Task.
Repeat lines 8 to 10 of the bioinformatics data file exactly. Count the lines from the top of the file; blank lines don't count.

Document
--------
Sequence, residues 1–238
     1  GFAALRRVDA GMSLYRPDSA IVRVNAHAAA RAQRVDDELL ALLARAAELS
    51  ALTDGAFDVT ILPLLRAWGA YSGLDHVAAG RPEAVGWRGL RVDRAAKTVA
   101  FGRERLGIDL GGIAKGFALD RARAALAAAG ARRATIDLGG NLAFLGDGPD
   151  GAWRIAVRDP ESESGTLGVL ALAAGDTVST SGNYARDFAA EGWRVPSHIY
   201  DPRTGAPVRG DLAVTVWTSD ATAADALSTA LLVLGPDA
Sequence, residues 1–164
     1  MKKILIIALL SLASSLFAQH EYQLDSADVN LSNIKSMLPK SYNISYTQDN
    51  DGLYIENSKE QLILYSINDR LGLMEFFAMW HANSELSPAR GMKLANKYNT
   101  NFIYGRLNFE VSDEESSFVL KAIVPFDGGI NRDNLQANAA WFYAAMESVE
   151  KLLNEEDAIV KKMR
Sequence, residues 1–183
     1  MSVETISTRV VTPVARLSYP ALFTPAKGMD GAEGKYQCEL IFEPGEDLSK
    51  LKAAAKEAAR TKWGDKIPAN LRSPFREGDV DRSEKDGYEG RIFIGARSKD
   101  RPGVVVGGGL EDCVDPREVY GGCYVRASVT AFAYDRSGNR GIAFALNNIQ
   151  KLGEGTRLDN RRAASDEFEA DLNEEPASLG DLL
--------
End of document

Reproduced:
     1  MKKILIIALL SLASSLFAQH EYQLDSADVN LSNIKSMLPK SYNISYTQDN
    51  DGLYIENSKE QLILYSINDR LGLMEFFAMW HANSELSPAR GMKLANKYNT
   101  NFIYGRLNFE VSDEESSFVL KAIVPFDGGI NRDNLQANAA WFYAAMESVE